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story.lead_photo.caption A map showing the location of Newark and McCrory.

A ban on mobile homes based on price rather than livability discriminates against poor people at a time when housing options are limited, a federal lawsuit filed against the city of Newark says.

The lawsuit filed last week by an advocacy group on behalf of five Independence County residents says a Newark ordinance that bans cheaper mobile homes is aimed at keeping out people who have lower incomes.

The 2015 ordinance in question prohibits single-wides under $25,000 and double-wides under $35,000. Advocates say such bans diminish the housing supply during a time when affordable units are scarce.

Equal Justice Under Law, a Washington, D.C.-based nonprofit that provides legal support for "those most in need," is representing the plaintiffs. The group filed a similar suit in McCrory last year.

McCrory's ordinance, which prohibited mobile homes worth less than $7,500, was repealed, and the case was settled for about $20,000, the Arkansas Democrat-Gazette previously reported.

Phil Telfeyan, the nonprofit's executive director, said he thinks this type of discrimination is occurring in more parts of the country, but both of the lawsuits his group has initiated have been in Arkansas.

The Newark lawsuit, filed in the U.S. District Court for the Eastern District of Arkansas, argues that the ordinance doesn't take into account health or safety standards for rental homes. It alleges that the ordinance is about wealth and that it targets people who make less money, Telfeyan said.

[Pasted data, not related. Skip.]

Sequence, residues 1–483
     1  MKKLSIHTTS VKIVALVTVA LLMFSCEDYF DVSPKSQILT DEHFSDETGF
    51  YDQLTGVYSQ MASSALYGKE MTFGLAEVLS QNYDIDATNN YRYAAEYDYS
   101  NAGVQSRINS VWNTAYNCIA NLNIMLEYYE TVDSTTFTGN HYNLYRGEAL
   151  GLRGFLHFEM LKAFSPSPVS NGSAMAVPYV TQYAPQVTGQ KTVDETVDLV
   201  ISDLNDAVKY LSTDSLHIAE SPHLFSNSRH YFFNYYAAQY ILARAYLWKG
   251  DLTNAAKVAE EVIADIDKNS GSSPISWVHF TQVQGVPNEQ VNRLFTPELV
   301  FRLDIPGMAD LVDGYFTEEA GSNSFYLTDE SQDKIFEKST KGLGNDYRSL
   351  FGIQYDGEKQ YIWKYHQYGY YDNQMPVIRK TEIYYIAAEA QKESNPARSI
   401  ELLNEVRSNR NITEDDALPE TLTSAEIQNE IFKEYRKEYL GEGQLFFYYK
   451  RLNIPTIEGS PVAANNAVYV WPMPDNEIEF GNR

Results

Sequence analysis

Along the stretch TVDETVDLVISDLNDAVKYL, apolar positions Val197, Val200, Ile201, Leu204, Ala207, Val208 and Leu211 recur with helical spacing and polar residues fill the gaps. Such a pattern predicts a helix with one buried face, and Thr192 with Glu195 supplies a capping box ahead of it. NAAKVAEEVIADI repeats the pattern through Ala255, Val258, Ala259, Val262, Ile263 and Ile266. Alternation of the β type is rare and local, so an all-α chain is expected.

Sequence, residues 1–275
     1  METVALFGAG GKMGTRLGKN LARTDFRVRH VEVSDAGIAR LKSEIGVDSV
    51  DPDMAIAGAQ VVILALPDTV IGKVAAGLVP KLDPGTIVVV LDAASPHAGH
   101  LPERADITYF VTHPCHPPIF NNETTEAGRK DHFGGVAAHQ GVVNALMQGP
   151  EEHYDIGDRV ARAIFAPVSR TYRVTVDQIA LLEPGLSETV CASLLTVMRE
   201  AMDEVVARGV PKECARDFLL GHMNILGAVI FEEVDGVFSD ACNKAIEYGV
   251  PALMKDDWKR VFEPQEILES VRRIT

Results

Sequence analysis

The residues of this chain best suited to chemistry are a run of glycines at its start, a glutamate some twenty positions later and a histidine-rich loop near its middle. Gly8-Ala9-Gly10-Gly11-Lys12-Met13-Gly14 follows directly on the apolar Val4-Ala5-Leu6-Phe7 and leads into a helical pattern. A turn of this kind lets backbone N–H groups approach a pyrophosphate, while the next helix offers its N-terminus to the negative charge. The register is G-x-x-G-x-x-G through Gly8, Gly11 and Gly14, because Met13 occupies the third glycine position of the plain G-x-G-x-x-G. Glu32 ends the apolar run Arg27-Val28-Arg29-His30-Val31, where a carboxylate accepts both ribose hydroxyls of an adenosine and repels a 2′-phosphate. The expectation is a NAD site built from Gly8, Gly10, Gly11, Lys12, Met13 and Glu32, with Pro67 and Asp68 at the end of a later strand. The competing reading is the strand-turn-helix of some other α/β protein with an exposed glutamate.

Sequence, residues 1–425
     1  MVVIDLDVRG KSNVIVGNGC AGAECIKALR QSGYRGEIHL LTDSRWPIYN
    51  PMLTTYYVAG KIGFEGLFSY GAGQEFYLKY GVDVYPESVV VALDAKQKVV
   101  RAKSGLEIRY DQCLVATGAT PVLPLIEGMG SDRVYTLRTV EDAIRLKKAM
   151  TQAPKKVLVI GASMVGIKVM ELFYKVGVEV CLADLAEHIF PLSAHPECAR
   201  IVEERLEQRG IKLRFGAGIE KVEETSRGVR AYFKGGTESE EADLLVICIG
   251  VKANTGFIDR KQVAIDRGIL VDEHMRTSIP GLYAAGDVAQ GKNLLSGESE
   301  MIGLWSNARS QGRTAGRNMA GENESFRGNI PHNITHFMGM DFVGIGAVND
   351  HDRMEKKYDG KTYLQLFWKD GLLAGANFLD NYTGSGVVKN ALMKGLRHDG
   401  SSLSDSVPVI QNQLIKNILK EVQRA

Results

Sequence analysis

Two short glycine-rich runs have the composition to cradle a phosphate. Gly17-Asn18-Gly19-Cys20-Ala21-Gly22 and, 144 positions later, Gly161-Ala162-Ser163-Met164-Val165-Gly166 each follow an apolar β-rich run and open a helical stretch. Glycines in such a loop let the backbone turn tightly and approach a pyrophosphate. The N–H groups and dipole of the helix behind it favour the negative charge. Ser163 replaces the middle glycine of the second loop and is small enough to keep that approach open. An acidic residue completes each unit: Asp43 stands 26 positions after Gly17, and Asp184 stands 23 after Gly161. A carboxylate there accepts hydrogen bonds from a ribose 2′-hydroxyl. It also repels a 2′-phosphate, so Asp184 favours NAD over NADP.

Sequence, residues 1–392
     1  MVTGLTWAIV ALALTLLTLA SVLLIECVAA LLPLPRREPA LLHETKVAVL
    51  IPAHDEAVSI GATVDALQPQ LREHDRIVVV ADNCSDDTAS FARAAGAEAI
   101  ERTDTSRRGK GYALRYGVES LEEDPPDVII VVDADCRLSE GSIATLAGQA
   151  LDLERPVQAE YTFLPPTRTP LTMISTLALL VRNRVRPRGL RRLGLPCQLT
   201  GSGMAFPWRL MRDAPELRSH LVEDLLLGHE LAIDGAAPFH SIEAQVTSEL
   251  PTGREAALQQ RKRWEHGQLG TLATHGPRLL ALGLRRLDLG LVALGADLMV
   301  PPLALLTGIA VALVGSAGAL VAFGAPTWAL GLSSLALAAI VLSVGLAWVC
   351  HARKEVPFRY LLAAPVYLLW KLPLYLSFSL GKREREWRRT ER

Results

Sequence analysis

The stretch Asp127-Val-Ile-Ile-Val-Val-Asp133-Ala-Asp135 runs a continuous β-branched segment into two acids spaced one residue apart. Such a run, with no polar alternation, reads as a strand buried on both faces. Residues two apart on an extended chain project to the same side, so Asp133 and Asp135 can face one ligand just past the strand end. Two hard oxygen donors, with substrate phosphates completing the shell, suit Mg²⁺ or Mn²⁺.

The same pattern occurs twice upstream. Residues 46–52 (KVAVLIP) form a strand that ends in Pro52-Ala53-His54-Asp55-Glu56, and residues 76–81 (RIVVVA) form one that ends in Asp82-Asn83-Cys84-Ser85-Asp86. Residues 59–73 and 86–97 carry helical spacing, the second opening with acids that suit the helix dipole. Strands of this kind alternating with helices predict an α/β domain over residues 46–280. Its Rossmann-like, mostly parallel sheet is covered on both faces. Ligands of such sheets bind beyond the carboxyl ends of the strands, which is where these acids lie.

"Does it discriminate? Does it treat people differently based on wealth status? Well, this one obviously does," Telfeyan said. "This one is right in the statute. It puts a dollar value on it."

That dollar value must be determined by a certified appraiser. Violation of the ban involves fines between $50 and $500 per day, according to the ordinance. It also details requirements for mobile homes, such as that they be in mobile parks or lots, have their own water and sewage connections, and are not within 20 feet of a property line.

The issue, Telfeyan said, stretches beyond housing discrimination and into a broader discussion about a lack of housing at the state and national levels.

The National Low Income Housing Coalition released a study earlier this year that stated that the country is short about 7.2 million rental homes that low-income people can afford. The coalition is a nonprofit that works to "ensure decent, affordable housing for everyone," according to its website.

Arkansas has a deficit of 59,445 homes that are at or below affordability for households that are below the federal poverty level or at 30 percent of the area's median income, according to the study. A unit is considered affordable if renters are spending 30 percent or less of their incomes on housing.

The median rent in Independence County was $582 in 2016, and 1,644 of the households in the county -- or about half of those that rent -- were spending 30 percent or more of their incomes on rent, according to the most recent data from the U.S. Census Bureau.

The National Housing Trust Fund gives out grants to states to rehabilitate and create low-income housing. For 2018, the Arkansas Development Finance Authority received $6 million from the U.S. Department of Housing and Urban Development's fund, and is accepting applications from local groups for money through Oct. 15.